8. White God (Hungary)

This a gorgeous film with a simple message – essentially, we can do better as a species. Director/co-writer Kornél Mundruczó has crafted a beautifully-shot allegory for man’s treatment of the downtrodden, whether they be animals or other men, and the end result is a thrilling adventure about inter-species awareness. It’s the heartwarming quest for reunion from Homeward Bound meets the flesh-tearing mayhem of Man’s Best Friend, and it’s an incredible journey worth taking. The opening scene above offers a glimpse of the cinematography the film has to offer.

7. The Second Mother (Brazil)

Commentary on class distinctions is a fairly common topic in cinema, but it’s rarely been handled with the humanity, humor, and razor-sharp observations on display here. It’s a beautifully-acted film too with a lead performance that walks a fine line between the dramatic and the comedic and a tale that will leave you warm and smiling at its affection for family.

6. A Hard Day (South Korea)

Most of the films that made this list feature heavy subject matter in some form or another, but this Korean gem is pure pop perfection. It’s a thriller that rarely stops moving, and it delivers the adrenaline-fueled suspense with a twisted sense of humor. It’s not the kind of movie that speaks to your soul, but it’s a thriller that succeeds so damn beautifully that you won’t forget it anytime soon.

5. The Brand New Testament (Belgium)

Jaco Van Dormael’s highly irreverent comedy is a smartly-written, laugh out loud experience that feels like Christopher Moore’s brilliant novel Lamb as adapted by Jean-Pierre Jeunet (Amelie). It’s as amazing and beautiful as that pair-up sounds, and it finds the humanity in the surreal and absurd.

4. Wild Tales (Argentina)

Six different flavors of rage and revenge fill the screen with energy, wit, and style to spare in this rare anthology film without a single dud. The laughs are as plentiful as the moments of real suspense and tension making the observations on human behavior icing on the very entertaining cake.

3. Mustang (Turkey/France)

Individual freedom is a fickle thing in this alternately enraging and joyous look at five teenage sisters forced to mute their energy and personality for the sake of backward, conservative values. The youngest, Lale, watches as her siblings are picked off one by one and marked for arranged marriage, but her spirit and vitality are a force unto themselves.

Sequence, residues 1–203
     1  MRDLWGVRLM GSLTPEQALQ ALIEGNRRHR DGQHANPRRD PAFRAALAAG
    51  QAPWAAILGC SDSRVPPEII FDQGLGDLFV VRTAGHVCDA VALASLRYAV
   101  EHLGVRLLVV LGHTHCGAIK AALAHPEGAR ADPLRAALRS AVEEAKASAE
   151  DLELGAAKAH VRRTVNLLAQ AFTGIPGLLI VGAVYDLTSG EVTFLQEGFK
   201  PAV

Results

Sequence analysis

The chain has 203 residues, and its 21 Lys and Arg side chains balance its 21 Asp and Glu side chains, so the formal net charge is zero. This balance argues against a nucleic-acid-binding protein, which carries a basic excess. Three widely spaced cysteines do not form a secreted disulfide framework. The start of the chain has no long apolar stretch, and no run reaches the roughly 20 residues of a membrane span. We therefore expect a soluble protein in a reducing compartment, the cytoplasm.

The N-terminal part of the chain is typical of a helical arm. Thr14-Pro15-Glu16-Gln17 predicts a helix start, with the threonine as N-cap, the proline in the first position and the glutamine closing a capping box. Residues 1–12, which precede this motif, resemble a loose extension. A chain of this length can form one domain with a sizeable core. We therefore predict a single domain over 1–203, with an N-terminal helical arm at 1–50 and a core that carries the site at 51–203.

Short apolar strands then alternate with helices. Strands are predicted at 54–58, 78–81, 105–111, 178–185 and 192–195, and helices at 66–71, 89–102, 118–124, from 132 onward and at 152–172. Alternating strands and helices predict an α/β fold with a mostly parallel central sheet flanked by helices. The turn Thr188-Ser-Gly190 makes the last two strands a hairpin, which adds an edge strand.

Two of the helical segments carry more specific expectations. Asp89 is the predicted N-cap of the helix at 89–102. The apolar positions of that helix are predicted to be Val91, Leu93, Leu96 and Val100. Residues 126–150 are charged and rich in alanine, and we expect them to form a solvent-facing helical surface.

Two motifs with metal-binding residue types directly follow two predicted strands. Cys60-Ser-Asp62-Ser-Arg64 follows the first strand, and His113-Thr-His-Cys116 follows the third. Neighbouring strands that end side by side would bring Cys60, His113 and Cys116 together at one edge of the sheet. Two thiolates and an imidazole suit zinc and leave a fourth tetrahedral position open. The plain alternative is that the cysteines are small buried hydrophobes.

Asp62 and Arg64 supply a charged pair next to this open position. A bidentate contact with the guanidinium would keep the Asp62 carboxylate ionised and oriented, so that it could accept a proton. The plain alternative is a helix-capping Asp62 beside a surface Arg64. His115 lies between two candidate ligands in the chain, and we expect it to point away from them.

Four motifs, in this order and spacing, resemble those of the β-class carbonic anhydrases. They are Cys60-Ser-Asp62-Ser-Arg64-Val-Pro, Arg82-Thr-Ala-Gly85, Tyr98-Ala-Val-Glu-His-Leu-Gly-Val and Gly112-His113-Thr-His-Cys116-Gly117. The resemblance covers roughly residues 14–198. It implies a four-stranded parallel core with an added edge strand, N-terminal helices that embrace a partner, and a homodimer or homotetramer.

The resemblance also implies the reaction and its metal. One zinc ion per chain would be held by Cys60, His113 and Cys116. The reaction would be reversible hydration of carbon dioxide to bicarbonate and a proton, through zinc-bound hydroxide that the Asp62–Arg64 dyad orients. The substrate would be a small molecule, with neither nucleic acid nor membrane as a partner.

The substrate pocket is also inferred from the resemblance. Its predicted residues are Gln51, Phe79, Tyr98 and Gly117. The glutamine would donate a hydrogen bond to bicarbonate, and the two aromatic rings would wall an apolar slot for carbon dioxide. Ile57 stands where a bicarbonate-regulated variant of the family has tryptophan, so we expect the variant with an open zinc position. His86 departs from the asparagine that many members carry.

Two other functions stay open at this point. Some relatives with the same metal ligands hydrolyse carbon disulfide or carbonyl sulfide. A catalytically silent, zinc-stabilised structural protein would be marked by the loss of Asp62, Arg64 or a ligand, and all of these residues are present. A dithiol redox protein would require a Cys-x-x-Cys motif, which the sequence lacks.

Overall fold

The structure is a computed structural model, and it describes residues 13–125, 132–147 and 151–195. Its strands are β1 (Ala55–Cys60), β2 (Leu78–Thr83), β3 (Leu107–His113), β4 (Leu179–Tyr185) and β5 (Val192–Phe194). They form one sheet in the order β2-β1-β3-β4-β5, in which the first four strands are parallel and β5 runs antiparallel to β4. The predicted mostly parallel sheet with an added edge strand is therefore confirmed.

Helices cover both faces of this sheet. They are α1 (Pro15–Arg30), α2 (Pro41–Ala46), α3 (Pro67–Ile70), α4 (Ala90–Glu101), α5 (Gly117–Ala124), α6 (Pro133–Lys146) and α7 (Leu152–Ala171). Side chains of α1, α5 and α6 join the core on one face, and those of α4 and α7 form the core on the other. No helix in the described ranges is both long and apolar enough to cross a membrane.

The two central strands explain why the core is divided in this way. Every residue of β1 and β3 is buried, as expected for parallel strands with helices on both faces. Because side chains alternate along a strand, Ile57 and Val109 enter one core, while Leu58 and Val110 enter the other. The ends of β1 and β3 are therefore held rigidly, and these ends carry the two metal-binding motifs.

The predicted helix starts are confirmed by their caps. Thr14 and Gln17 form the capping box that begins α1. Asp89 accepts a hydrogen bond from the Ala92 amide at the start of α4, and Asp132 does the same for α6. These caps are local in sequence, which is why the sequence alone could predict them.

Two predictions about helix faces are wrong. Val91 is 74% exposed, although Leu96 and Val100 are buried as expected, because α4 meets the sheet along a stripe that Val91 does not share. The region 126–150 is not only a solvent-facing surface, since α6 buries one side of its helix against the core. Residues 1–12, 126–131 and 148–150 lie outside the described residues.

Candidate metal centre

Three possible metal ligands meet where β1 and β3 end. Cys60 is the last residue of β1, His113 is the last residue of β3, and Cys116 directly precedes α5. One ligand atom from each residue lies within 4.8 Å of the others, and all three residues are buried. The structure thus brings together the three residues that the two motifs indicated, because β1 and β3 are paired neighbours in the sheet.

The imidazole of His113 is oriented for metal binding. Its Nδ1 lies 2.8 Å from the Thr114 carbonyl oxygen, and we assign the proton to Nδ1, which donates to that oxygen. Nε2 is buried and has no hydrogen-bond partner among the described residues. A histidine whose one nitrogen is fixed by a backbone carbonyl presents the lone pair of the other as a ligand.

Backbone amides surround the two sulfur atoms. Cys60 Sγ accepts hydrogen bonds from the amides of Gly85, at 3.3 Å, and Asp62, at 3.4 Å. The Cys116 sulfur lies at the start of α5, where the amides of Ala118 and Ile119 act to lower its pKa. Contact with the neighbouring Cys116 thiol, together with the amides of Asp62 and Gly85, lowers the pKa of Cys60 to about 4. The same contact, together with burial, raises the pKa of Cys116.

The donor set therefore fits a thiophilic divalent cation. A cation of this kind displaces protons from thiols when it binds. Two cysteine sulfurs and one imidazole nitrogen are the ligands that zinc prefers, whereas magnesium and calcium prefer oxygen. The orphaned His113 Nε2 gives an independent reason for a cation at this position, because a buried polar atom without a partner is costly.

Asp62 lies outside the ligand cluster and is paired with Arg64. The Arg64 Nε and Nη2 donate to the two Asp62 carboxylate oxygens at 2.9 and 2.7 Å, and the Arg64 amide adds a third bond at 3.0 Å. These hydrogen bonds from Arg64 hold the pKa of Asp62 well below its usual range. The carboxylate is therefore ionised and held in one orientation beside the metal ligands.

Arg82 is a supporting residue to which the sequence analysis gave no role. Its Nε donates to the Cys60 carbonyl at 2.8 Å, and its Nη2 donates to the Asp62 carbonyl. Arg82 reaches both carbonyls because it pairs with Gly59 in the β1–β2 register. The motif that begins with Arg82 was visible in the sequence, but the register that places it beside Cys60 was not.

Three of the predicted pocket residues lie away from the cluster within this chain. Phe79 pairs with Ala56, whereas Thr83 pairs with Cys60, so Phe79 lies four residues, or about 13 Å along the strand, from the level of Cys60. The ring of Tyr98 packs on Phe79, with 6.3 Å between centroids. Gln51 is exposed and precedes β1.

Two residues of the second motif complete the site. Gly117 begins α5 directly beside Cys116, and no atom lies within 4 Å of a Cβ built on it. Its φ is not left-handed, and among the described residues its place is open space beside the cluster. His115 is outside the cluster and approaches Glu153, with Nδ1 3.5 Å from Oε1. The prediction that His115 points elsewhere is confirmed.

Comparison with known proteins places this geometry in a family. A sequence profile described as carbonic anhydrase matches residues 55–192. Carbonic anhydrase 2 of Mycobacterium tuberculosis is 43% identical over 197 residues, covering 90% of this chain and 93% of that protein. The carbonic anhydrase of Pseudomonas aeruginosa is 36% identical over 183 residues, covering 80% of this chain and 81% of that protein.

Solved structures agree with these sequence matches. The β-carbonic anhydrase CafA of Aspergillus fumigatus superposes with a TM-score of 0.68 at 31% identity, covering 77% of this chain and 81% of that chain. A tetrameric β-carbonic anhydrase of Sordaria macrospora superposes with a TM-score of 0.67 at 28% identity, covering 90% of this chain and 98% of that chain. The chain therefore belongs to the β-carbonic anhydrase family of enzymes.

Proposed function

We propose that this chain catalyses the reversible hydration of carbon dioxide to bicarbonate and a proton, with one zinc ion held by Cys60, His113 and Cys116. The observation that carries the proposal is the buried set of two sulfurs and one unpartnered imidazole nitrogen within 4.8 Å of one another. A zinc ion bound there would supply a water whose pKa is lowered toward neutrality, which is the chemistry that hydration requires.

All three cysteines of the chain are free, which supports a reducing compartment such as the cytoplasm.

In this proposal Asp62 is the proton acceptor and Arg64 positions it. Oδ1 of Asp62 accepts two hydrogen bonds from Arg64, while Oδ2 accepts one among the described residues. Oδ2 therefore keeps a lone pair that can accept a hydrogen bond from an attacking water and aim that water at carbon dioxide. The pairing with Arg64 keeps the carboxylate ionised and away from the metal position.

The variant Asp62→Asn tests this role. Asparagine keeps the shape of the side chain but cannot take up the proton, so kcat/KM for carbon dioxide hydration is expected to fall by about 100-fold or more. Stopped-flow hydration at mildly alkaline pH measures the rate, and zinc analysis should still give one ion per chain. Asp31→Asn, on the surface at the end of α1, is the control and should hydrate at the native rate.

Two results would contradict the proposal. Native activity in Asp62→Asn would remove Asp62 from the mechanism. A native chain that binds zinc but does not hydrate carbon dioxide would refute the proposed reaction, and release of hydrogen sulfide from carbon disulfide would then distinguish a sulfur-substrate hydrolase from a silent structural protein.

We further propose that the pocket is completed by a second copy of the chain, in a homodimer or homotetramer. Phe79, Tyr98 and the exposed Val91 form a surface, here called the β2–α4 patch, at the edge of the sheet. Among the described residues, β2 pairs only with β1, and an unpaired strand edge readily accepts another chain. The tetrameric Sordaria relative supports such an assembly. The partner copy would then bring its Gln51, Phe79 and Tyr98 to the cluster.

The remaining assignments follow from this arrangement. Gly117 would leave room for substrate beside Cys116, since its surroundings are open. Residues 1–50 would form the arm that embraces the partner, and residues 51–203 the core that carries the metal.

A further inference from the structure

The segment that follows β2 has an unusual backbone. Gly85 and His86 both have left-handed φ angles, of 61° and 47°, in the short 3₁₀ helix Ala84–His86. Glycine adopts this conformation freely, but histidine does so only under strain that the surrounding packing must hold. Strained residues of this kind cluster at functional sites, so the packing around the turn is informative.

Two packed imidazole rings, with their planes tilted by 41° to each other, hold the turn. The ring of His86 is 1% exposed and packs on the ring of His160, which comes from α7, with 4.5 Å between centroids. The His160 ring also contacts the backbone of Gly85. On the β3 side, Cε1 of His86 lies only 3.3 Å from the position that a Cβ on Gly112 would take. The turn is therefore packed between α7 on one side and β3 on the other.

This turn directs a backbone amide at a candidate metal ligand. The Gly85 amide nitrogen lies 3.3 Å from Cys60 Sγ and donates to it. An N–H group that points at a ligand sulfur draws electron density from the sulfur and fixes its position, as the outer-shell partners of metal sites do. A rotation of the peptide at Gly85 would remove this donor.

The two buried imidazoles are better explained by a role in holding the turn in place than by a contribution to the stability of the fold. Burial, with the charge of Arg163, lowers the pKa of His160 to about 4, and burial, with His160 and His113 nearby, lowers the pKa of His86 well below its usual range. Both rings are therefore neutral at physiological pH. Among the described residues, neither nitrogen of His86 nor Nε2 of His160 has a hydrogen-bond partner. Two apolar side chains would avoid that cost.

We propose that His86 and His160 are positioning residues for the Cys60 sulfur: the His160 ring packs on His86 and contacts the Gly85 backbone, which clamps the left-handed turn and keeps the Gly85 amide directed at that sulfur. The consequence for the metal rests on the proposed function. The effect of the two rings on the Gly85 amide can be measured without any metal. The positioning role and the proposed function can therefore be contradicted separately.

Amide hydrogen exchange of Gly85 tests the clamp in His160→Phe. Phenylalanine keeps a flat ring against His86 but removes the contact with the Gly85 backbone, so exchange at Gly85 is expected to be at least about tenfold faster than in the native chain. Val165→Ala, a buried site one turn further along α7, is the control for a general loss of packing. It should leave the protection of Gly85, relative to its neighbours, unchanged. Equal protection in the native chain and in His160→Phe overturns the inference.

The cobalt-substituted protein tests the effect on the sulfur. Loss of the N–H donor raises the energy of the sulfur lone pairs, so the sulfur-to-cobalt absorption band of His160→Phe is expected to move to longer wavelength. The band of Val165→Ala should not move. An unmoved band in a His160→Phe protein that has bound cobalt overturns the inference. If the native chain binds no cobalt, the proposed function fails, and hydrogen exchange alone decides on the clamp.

2. Black Coal Thin Ice (China)

On its surface this is a film about ex-police officers whose careers were ruined by an unsolved murder case who get a chance at redemption when the killings begin again, but this Chinese noir is interested in far more than simple genre thrills. It’s bleak and slow-moving, filled with gorgeous cinematography and punctuated with acts of brutality, and explores ideas of gender, guilt, and urban living with a neon-tinged eye for detail and depth.

1. Timbuktu (Mauritania/France)

The Western world lives in fear of Islamic extremists, but the fact remains that the vast majority of these terrorists’ victims are true, non-radicalized Muslims. Abderrahmane Sissako’s latest is something of a fly on the wall look at life in a Mali town under the developing rule of ISIS-like jihadists. Some conform to the ridiculousness of Sharia law while others attempt to fight it, and some – as glimpsed in the beautiful but sad clip above of boys forbidden to play football – try to work their away around it. The film is an engaging, life-affirming, and beautifully-shot reminder of what’s at stake in the face of rising religious fundamentalism.

Honorable mentions: 24 Days, Assassination, The Connection, CruelMommy

Read more of our Best of 2015 coverage!

Rob Hunter has been writing for Film School Rejects since before you were born, which is weird seeing as he's so damn young. He's our Chief Film Critic and Associate Editor and lists 'Broadcast News' as his favorite film of all time. Feel free to say hi if you see him on Twitter @FakeRobHunter.